IS suffers string of defeats in Syria but gaining in Iraq's Ramadi
A United States Special Forces raid has killed 32 members of Islamic State in eastern Syria, including four senior officials, a monitoring group said on Sunday. The raid on al-Omar, one of the largest oilfields in the Deir Ezzor governorate, is mostly under the control of Islamic State.
The operation marked a shift in the US-led coalition’s war on IS. This is the first time that the US has admitted to putting boots on the ground in Syria, where its operations have until now officially been confined to airstrikes.
While last year US President Barack Obama repeatedly stressed that there would be "no boots on the ground" in February he wrote a letter asking Congress for the authorisation to send troops into specific combat operations. However, his letter is largely seen as a faith-building measure with the Republican-dominated Congress as Obama has the authority to singlehandedly authorise such action without their approval.
“The US operation killed 32 members of IS, among them four officials, including IS oil chief Abu Sayyaf, the deputy IS defence minister, and an IS communications official,” said Rami Abdel Rahman, the head of the Syrian Observatory for Human Rights.
US officials said that “about a dozen” people were killed in the operation, which involved “hand-to-hand combat” and was implemented by Iraq-based US commandos in order to capture Abu Sayyaf.
A US defence official told AFP that members of the elite Delta special operations unit descended on Abu Sayyaf’s compound in Black Hawk helicopters and Osprey tilt-rotor aircraft, in a move that was not discussed with Syrian President Bashar al-Assad.
Bernadette Meehan, the White House national security spokeswoman, told reporters that Abu Sayyaf “was killed when he engaged US forces”.
Abu Sayyaf’s wife was captured in the raid and is being held in military detention in Iraq.
US Secretary of Defence Ash Carter called the operation a “significant blow” to IS, while Adam Schiff, a Democrat on the House intelligence committee, said the US attacks “have put increasing pressure on the economics undergirding the terrorist organisation”.
Hundreds killed in Palmyra battle
IS has also found itself on the defensive in central Syria where it had launched an offensive against the government-controlled ancient city of Palmyra. The city, much of which is designated a UNESCO world heritage site, has seen days of heavy fighting, prompted fear that the site would be demolished by IS, following in the pattern of their similar acts carried out on ancient sites in Iraq such as Mosul and Nimrod.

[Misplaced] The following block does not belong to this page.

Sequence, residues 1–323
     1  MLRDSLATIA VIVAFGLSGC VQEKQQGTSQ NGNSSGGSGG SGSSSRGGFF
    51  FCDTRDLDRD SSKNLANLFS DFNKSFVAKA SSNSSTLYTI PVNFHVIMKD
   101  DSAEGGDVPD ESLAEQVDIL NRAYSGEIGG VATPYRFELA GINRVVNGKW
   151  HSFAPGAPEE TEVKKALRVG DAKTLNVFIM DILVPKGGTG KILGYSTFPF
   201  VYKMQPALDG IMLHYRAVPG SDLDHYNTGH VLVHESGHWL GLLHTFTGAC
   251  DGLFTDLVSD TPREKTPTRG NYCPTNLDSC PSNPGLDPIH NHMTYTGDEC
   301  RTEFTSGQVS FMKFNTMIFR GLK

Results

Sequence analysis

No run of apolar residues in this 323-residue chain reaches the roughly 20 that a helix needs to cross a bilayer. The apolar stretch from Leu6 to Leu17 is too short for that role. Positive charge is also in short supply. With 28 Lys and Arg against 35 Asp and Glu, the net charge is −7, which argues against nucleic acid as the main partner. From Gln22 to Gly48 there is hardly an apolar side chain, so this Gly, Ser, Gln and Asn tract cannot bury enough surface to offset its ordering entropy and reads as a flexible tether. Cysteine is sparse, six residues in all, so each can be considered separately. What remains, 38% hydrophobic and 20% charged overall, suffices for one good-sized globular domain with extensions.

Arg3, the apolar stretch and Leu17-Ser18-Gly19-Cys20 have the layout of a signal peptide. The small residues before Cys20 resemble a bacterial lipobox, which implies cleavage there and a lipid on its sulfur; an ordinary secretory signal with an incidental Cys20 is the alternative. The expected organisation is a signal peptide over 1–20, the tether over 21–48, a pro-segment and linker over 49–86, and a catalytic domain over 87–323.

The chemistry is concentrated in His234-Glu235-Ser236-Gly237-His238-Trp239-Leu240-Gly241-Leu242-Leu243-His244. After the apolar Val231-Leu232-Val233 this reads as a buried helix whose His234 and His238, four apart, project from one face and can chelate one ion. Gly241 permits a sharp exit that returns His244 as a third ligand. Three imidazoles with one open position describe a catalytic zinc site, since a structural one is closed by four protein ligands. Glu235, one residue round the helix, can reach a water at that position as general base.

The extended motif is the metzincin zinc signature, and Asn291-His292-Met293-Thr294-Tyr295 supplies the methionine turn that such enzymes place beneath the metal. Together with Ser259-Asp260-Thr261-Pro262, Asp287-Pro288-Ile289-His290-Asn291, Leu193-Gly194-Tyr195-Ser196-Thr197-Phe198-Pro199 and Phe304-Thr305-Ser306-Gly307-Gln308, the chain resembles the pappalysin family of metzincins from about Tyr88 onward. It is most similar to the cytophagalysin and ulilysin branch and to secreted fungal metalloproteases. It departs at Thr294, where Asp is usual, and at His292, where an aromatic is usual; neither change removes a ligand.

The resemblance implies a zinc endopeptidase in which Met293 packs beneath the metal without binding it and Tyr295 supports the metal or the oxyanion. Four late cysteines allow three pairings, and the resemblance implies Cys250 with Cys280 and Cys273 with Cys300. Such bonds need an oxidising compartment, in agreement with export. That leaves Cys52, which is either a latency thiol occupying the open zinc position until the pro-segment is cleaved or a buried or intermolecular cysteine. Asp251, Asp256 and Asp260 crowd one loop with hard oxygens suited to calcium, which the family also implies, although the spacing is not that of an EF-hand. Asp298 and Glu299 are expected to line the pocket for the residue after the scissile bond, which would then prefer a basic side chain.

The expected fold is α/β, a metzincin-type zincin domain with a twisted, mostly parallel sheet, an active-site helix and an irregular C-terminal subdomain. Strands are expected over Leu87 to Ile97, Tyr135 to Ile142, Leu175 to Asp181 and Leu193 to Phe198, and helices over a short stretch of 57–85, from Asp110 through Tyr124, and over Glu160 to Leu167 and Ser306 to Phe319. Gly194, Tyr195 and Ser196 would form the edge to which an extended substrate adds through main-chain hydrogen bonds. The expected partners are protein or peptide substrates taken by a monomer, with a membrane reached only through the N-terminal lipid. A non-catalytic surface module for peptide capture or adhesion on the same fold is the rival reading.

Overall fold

While IS appeared to be making progress, seizing the northern part of the town on Saturday morning, government troops have since managed to roll back the IS advance although fighting is still taking place, the Syrian Observatory for Human Rights said.
"There are still clashes - though not very fierce - in the northern suburbs of al-Amiriyah," said Observatory director Rami Abdel Rahman.
"IS is still present outside the city, to the south and east."
According to the Observatory, almost 300 people were killed in clashes. The army’s casualties were more than IS, with 123 Syrian soldiers and 115 IS fighters killed. Almost 60 civilians were also killed.
Provincial governor Talal Barazi also confirmed that Tadmur, about 2 kilometres from the city, was back in the Syrian army’s control.
“IS’s attack was foiled, and we ousted them from the northern parts of Tadmur,” Barazi told AFP. “The army is still combing the streets for bombs.
He said that humanitarian assistance for Tadmur must be secured to accommodate the influx of civilians fleeing IS.
“We are taking all necessary precautions, and we are working on securing humanitarian aid quickly in fear of mass fleeing from the city,” he said.
Mamoun Abdulkarim, Syria’s antiquities chief, also cautioned that the danger to Palmyra was far from over.
“There was no damage to the ruins, but this does not mean we should not be afraid,” Abdulkarim said, who described “living in a state of terror” at the thought that IS would destroy Palmyra’s architectural treasures.
IS was able to reach Palmyra by launching a lightning offensive from their stronghold in the Euphrates Valley in Iraq over the desert to Syria.
The area is also seen as strategically key. It houses a military base, is in close proximity to a major oil field and would help IS to link its positions in the north and south.
Thousands displaced in Ramadi
While IS appears to have been put on the defensive in Syria, the group continues to gain ground in Iraq, where it looks set to take full control of Ramadi, the capital of Anbar province and about 100 kilometres west of the capital, Baghdad.
By triggering a succession of suicide car bombs, the militant group was able to take over central neighbourhoods in the city on Friday. The heavy fighting that ensued prompted thousands of people to flee the city. The International Organisation for Migration said on Sunday that the fighting in Ramadi has displaced around 8,000 people in two days.
“The numbers are increasing,” the IOM said.
Government forces are confined to a few districts in the city and are waiting to receive reinforcements promised by Iraqi Prime Minister Haider al-Abadi.
The displaced families made their way to Amriyat al-Fallujah in the east, but have not been allowed to cross the Euphrates River and enter Baghdad province.
Ramadi has been hard hit by violence in recent months, with IS launching another offensive last month.
The IOM said that since the beginning of 2014, the number of displaced people in Iraq has reached a record of more than 2.8 million.